So with dry feet, and the water heater in the car I set off for where I had been told they did boiler repairs. Unfortunately I must have arrived during Mrs Monday's fag break, as she didn't look overjoyed to see me. The only thing she was interested in was did I have the guarantee and the documents. When I explained that we were not given these treasured bits of paper she lost even more interest and turned to wander off. I politely asked if she knew anywhere else in town which could do the repairs, but that was just met with shrugged shoulders. Realising that I wasn't going anywhere she called her smoking partner over who spoke some English which almost helped. I went through the whole pantomime again with him, only to be told that they no longer did repairs, but he knew a man that did. Unfortunately he knew that this man was at the sea, but he could phone him if I liked and find out when he would be back. So he phoned his mate and they were having a nice natter, eventually he got round to asking about boiler repairs. It turns out that he wasn't at the sea at all but had been busy for the last few days. So I was given his name and number and told to phone him the next day. I didn't think that was too bad, until I asked if he spoke any English, the answer being a big fat no. OK so how do I find this man if I can't understand his directions, which was met by more shoulder shrugging. I did ask if smoker's mate could find out directions, but was told that I would have to phone the boiler repair man the next day, however if I wanted a new boiler he had some that were on special offer that day. So I was given various prices for different models, but still left there with a knackered boiler, a phone number I couldn't decipher and the name Ivan.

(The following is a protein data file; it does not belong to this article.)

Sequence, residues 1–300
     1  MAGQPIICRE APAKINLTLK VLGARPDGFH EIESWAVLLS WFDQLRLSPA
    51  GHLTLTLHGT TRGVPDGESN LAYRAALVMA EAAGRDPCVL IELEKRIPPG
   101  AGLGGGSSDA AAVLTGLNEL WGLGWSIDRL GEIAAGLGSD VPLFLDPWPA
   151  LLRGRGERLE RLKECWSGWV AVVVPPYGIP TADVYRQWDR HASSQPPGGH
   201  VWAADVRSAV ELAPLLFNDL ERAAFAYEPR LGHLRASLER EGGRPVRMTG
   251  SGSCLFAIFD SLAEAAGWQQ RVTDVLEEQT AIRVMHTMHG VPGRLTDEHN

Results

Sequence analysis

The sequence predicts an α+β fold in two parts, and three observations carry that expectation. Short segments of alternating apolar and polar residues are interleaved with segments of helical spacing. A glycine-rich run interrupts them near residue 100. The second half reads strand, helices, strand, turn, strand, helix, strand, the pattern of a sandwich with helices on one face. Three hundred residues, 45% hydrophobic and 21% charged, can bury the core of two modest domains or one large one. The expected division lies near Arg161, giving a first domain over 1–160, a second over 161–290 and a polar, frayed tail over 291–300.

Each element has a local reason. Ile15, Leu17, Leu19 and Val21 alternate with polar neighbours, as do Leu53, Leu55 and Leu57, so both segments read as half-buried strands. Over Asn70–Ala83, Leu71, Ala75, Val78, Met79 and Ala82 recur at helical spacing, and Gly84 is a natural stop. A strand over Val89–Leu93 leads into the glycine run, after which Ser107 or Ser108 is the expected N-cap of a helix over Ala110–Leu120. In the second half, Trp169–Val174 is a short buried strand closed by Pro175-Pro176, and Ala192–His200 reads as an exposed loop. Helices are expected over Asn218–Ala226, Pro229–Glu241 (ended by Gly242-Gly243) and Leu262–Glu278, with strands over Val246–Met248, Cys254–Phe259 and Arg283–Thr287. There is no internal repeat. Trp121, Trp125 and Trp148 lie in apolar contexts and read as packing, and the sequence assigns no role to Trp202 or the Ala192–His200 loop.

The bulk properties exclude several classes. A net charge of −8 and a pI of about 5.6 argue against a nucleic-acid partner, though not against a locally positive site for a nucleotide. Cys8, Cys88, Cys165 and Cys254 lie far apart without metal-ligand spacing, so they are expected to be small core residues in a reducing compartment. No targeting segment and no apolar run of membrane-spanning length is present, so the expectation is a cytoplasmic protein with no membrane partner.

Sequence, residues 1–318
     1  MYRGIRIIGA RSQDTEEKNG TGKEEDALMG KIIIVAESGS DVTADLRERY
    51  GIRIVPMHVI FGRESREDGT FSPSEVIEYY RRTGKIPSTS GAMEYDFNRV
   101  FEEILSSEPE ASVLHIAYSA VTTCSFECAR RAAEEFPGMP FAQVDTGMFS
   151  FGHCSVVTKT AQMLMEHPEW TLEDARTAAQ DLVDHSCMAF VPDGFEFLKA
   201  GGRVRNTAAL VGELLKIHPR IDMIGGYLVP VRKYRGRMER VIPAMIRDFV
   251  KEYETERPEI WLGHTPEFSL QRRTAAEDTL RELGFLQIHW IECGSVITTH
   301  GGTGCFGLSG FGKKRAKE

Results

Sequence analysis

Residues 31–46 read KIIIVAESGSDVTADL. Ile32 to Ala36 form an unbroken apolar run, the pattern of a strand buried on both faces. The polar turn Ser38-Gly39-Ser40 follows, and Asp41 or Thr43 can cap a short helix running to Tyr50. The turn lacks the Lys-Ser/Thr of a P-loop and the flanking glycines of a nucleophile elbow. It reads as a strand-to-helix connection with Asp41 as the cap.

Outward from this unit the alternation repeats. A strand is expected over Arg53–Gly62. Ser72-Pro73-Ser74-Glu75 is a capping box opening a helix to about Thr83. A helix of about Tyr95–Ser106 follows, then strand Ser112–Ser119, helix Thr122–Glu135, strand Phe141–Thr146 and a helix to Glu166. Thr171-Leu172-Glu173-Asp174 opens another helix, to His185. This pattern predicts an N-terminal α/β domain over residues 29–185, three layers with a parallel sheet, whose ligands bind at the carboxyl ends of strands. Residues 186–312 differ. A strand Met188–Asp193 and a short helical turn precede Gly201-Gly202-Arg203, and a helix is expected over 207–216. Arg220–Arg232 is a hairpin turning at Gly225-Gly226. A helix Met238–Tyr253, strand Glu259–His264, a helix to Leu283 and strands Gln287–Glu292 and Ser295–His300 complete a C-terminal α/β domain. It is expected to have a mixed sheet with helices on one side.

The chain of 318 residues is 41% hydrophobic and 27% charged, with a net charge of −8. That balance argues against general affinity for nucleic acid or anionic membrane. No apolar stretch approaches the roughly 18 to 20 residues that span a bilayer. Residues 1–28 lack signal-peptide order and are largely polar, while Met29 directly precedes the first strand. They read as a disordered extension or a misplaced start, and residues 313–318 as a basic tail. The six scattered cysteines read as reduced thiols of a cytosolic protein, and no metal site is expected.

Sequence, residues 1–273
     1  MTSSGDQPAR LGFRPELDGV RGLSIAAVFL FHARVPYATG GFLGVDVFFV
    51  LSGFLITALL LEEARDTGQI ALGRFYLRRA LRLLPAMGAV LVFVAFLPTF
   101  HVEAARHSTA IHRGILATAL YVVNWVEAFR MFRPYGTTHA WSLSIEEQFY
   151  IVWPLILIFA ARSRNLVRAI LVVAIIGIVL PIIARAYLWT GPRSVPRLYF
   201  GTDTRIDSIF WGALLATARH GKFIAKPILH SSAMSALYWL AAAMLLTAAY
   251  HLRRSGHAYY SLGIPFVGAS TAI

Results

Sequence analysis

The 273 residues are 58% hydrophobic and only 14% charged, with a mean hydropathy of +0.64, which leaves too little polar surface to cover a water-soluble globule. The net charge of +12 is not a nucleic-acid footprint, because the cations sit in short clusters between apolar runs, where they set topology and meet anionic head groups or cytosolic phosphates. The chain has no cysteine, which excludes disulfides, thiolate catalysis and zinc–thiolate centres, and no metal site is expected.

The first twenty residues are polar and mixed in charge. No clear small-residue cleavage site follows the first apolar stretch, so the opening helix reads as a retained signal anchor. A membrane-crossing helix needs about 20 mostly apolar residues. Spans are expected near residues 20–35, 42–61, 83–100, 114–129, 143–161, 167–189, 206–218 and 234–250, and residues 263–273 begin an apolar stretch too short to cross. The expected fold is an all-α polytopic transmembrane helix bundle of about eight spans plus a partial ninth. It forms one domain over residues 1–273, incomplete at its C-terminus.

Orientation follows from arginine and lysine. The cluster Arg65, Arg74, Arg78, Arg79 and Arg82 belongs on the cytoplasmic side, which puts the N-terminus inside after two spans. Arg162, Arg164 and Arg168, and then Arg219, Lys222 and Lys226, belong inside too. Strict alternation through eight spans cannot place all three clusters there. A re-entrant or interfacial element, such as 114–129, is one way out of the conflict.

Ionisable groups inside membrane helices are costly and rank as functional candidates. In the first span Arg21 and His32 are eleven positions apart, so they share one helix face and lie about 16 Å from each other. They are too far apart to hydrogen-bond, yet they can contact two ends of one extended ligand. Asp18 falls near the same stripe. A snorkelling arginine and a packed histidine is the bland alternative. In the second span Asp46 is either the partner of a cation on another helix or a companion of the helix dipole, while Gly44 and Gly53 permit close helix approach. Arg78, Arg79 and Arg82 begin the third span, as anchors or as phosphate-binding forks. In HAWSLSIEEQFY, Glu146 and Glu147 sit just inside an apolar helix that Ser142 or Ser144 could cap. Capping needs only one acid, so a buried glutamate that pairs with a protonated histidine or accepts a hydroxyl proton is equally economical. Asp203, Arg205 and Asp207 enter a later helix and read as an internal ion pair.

As I had other bits and pieces to do I thought that I would do a price comparison with my normal plumber's merchant. So I went in and there were the same boilers at exactly the same price, so his special offer can't have been that special at the other place. As I was there I thought that I might as well ask if they knew anywhere that did repairs. Now neither of them speak English, and admittedly my Bulgarian isn't brilliant, but as best I could I explained the problem. I was stopped so that a phone call could be made, I was then asked where was the boiler. The answer being in the car, up in Kaufland car park. OK says the main man, drop it off later and you can pick it up tomorrow. The difference between the two places was like chalk and cheese. He even gave me a hand carrying it into the shop, and also out with it when I picked it up today. It has been repaired all for the princely sum of 30 Leva, he did say what was wrong with it and I am fairly certain it was the element. So I did all of that running round in yesterday's heat and humidity, and ended up sweating like the last chicken in Colonel Sander's back garden.